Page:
For more than three decades, inflation has been economic “public enemy number one,” often justifying calls for austerity. This status emerged at the London G7 summit meeting in 1977: Acceding to pressure from the Germans – whose fear of inflation may be innate – the G7 leaders at the time affirmed that “Inflation does not reduce unemployment. On the contrary, it is one of its major causes.” This shift was a dramatic one, breaking with three decades of policy directed at unemployment. Indeed, only a few months earlier, German Prime Minister Helmut Schmidt had dismissed Carter administration appeals for a stimulus, urging that U.S. officials “please better shut their mouths.”
In contrast, this weekend, at the Camp David G8 Summit, a new “wanted poster” went up. The long-vanquished bogeyman of inflation finally yielded to a more pressing public enemy: Unemployment. The first line of the G8 communiqué was clear “Our imperative is to promote growth and jobs.” Taking a more ambiguous line than her predecessor Schmidt, Angela Merkel was reserved, suggesting that there existed alternatives to fiscal stimulus as a means to growth – and that such measures might include new public investment. In contrast, Barack Obama affirmed. “’There’s now an emerging consensus that more must be done to promote growth and job creation right now.”
Is this a turning point? Particularly given fears of global recession, one might wonder why this step took so long. To be sure, where inflation assumes a life of its own, it is a potentially serious “enemy.” But inflation is not only a macroeconomic phenomenon, and the link between fiscal deficits and inflation is wildly overrated. Consider that the U.S. ran deficits all through the 1980s – when inflation rates persistently fell. Inflation is this light is not, as Milton Friedman argued, “always and everywhere a monetary phenomenon.”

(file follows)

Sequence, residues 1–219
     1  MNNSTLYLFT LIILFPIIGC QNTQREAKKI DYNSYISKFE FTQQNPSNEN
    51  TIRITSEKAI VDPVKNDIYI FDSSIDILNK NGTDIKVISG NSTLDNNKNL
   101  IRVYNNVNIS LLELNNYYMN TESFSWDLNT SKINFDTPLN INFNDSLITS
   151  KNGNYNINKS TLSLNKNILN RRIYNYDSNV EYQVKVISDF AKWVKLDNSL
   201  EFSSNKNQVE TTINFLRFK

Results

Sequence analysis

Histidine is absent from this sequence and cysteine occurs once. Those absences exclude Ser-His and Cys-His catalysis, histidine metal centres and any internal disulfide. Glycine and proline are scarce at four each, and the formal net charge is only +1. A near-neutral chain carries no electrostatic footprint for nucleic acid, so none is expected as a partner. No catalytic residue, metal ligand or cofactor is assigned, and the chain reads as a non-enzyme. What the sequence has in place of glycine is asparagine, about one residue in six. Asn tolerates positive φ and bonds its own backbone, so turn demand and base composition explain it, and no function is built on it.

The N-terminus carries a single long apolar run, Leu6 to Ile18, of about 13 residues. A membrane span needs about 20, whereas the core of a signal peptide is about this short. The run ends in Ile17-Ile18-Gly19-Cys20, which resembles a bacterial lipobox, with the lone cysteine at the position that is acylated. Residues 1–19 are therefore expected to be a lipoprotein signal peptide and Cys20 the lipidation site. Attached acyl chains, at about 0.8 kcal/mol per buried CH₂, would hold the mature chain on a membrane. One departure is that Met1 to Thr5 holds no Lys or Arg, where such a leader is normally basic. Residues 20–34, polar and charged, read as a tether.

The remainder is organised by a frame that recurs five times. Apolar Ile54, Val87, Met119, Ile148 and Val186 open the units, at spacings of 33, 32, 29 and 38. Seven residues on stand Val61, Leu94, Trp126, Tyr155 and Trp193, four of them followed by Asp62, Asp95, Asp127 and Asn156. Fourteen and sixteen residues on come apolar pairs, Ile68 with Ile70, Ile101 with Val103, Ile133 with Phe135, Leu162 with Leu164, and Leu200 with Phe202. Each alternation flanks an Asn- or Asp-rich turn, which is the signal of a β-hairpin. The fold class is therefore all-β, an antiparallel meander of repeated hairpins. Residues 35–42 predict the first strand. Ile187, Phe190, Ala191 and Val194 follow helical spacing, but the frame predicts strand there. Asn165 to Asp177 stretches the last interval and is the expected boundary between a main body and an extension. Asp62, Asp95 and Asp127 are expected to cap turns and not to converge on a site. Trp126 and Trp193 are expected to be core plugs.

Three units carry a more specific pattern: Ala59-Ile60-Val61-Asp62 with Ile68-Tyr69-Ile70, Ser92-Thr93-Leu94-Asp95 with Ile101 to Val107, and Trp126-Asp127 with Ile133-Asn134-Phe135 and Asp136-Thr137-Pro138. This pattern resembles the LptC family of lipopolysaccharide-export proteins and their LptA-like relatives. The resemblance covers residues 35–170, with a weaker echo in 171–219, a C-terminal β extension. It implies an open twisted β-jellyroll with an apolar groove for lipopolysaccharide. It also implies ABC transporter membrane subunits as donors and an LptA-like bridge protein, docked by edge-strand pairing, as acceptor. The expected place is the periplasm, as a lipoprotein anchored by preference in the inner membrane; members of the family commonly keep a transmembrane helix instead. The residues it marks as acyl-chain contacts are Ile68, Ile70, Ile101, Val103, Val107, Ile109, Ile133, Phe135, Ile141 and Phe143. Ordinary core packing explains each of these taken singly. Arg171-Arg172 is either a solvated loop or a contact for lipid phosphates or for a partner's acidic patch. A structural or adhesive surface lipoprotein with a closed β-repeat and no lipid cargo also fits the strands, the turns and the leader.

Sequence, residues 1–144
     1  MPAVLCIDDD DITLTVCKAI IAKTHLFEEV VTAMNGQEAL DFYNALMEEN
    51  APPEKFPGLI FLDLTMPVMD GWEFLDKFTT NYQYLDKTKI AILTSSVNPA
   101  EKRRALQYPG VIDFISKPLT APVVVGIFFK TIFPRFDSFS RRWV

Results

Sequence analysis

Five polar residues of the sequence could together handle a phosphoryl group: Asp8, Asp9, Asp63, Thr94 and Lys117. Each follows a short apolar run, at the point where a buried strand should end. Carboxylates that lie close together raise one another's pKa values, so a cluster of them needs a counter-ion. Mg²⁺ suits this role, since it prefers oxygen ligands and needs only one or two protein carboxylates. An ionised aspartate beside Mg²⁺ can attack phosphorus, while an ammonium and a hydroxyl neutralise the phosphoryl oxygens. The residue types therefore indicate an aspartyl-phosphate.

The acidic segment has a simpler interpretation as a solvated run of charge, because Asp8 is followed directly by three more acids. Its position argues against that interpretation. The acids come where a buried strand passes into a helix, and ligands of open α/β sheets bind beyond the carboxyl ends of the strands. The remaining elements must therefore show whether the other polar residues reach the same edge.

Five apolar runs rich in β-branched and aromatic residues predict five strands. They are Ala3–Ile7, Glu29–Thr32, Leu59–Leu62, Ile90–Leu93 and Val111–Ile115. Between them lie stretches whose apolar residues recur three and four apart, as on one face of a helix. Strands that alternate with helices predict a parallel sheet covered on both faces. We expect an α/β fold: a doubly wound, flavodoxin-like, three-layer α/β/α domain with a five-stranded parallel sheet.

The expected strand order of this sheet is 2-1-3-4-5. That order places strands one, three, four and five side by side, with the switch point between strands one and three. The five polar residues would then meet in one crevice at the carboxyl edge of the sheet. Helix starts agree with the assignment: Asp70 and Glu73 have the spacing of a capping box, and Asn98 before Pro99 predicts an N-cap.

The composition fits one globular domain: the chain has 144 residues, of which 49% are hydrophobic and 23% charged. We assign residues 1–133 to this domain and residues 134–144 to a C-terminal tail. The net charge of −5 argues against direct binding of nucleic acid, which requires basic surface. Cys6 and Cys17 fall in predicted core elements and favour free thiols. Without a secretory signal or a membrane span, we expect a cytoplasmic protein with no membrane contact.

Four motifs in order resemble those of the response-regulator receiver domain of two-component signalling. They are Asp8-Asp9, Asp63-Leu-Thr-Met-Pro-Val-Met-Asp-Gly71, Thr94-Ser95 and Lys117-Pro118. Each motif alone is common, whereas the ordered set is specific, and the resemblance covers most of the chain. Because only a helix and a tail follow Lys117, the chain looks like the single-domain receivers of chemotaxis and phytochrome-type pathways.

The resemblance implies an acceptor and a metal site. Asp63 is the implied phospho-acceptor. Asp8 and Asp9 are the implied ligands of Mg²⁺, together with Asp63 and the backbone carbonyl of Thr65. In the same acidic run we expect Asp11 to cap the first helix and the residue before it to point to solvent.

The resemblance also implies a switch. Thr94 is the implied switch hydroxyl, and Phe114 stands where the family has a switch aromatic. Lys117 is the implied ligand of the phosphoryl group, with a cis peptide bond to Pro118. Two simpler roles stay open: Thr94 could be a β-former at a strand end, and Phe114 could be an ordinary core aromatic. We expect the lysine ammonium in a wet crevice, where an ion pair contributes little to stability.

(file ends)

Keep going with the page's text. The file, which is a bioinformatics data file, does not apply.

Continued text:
More specifically, inflation also requires institutional and psychological supports. These are currently lacking. First, the institutional foundations of self reinforcing wage-price spirals – in a strong labor movement – were dismantled in the context of the prolonged global slowdown over the early 1980s. Unions across the developed world could once lay claim to double-digit increase in real wages. No longer.
Secondly, the psychological bases of inflation have eroded. No longer do workers expect substantial annual real wage increases. The past three decades have instead seen labor place concerns for job security first. In this light, even the record low unemployment of the late 1990s produced nary an uptick in prices. The victory is so complete that when I lecture on inflation, my students have no intuitive understanding of how a wage-price spiral even works – which actually makes sense, as the unions that once drove accelerating wage trends have been so thoroughly humbled. Young adults today literally have no living memory of inflation, and are instead fixated on job security – a shift which makes inflation less likely.
Finally, it is also worth noting that a little bit of inflation is not necessarily a bad thing. Inflation reduces real interest rates and the value of existing debts. In a European context marked by profound generational tensions, it would work to redistribute wealth from the young to the old.
In this light, the G8 declaration may speak to an evolving trend. Moreover, such rhetoric matters as it shapes ensuing debate. When Carter administration officials accepted the G7’s hard line against inflation in the late 1970s, this set the stage for Carter’s eventual appointment of Federal Reserve Chairman Paul Volcker. As Fed chairman, Volcker – with moral support from Schmidt – set out to defeat inflation, despite the costs for employment. In this light, having shifted attention from the old public enemy of inflation, the G8 has made it easier to put more resources into promoting employment and growth.
Wesley Widmaier, Human Protection Hub